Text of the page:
Toggle Menu
My Cart


escapeHtml(__('Posted in: ')); ?> Tutorials, Health
Furrish More from this author



Like dehydration in humans when your dog is dehydrated blood flow and volume are reduced. This means that vital organs and tissues do not receive enough oxygen which they need to function correctly. When the body doesn’t have enough water, it will also start to remove water from the cells which results in a loss of electrolytes like sodium, chloride, and potassium. These minerals balance the body’s pH, help with the transfer of nutrients into cells, regulate nerves, and facilitate muscle function, so depletion can lead to serious problems for your pooch such as kidney failure.


Not enough drinking water - This may be as a result of limited access to water or it may be that there has been an increase in activity levels requiring more water, but your dog isn’t upping their water intake. Illness – Vomiting and diarrhoea, excessive urination, or a fever will cause loss of water and if not treated can lead to dehydration. Heat and heat stroke – With increased heat your dog may overheat and will perspire more, mainly through his paws. If this water is not replaced your dog will become dehydrated. *Dehydration can sometimes be a symptom of an underlying condition, like kidney disease, diabetes, or cancer, if you are worried about your furbaby, speak to your vet.


Your pup will not be able to tell you that they are thirsty, so it is your job as a dog mum or dad to keep an eye out for signs of dehydration. One sign of dehydration is a loss of skin elasticity. Test the skin elasticity by gently holding some of your pup’s skin near his shoulder blades and lift it up and let go. In a hydrated dog, it will spring back to its original position but in a dehydrated dog, it will take longer to return to normal. Try this when your dog is well and hydrated so you have something to compare this too. If you a parent to a wrinkly furbaby their skin will be less elastic even under normal conditions, so it is particularly important you have an idea of what their skin feels like when your dog is well. Checking your dog’s gums to see if they are sticky and dry. If you press against the gum gently it will go white. For a well-hydrated dog when you remove your finger the normal pinky colour should return immediately but for a dehydrated pup, this will take longer. Again it’s a good idea to test this when you know your dog is well. Other signs are:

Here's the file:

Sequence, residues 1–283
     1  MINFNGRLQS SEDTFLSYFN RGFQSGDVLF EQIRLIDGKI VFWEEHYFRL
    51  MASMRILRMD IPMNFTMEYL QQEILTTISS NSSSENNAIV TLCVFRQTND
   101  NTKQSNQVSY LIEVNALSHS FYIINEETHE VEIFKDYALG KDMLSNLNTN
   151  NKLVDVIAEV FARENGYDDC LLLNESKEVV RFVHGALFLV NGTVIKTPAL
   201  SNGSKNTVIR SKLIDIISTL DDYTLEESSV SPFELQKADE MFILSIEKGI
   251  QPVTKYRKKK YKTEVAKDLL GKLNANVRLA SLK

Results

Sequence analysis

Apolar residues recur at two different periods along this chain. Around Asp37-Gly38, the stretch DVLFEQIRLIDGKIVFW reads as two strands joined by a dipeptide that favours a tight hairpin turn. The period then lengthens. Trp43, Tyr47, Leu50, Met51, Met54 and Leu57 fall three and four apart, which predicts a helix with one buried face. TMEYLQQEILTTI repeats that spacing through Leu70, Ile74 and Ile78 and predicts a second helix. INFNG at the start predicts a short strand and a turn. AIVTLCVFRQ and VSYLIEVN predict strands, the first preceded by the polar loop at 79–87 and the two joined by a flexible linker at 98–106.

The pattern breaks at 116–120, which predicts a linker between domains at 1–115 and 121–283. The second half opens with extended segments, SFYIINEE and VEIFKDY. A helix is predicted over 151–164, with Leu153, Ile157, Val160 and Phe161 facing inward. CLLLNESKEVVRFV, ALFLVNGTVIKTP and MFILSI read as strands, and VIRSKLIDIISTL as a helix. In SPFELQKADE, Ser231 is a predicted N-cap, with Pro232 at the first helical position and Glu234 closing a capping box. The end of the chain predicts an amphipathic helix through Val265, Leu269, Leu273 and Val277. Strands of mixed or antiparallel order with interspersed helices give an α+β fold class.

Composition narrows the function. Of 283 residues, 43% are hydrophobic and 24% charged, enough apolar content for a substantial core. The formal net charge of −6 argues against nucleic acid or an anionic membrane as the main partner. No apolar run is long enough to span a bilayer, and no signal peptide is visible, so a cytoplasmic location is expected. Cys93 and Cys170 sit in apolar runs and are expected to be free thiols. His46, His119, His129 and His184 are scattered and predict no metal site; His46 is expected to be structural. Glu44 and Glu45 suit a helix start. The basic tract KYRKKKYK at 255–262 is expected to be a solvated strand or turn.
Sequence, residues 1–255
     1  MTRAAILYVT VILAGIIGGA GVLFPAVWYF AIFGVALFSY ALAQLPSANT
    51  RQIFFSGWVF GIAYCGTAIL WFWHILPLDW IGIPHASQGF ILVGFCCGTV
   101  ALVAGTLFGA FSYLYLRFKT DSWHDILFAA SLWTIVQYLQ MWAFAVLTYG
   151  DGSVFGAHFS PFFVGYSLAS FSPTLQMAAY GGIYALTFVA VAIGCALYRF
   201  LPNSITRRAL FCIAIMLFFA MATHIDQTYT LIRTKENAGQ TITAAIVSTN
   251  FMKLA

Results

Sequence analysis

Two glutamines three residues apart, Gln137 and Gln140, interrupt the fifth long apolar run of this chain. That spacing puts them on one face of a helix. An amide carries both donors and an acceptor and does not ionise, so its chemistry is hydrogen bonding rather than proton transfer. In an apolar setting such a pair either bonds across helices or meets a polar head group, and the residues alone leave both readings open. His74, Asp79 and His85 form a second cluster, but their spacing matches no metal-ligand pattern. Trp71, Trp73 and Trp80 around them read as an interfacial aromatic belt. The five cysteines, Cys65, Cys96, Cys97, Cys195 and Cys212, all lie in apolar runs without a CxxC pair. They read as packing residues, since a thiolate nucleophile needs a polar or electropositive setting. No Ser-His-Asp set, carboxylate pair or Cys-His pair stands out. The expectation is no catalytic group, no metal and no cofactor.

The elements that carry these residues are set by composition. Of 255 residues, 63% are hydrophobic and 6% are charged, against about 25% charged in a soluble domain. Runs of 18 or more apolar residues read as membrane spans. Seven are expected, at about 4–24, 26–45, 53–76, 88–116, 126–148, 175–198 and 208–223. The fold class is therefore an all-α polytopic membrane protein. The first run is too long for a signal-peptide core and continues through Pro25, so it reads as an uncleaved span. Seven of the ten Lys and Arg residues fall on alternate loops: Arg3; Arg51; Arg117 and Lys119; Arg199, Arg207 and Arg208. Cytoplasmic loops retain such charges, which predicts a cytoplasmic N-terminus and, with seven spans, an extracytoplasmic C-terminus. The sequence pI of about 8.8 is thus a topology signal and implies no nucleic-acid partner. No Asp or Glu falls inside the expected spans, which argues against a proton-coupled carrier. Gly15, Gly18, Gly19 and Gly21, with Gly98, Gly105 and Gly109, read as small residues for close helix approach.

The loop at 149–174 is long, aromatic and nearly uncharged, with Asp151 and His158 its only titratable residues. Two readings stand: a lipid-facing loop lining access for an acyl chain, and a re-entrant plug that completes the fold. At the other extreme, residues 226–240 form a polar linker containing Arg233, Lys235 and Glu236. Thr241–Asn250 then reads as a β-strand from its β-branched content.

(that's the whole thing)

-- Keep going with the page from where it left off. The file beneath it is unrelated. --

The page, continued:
• Loss of appetite
  • Vomiting
  • Diarrhoea
  • Lethargy and loss of energy
  • Panting
  • Sunken and dry looking eyes
  • Dry nose



If you think your dog is suffering from dehydration first make sure he drinks some freshwater. Contact your vet and upon examination, they may recommend that your dog comes in and is placed on a drip. If your dog is not vomiting the vet may recommend an electrolyte-enhanced fluid to help replace those lost due to dehydration.


Always ensure your dog has a supply of clean water and refresh this every few hours. If you will be out of the house for some time, make sure you leave enough water for your dog. If your dog is fussy you could offer flavoured water or provide ice cubes for him to chew - particularly useful on warm days. If it is a warmer day or your dog has been particularly active it is likely he will need more water than usual. If you are out of the house remember to take water with you for your dog and if temperatures are too hot it might be worth considering avoiding exercise completely. Never leave your dog in a car this can cause them to overheat. As a general rule, your dog needs around 60ml of water for each kilogram of body weight but to get advice for your pet specifically speak to your vet.


Check out some of our other Health related posts

3 August 2020
Back to Top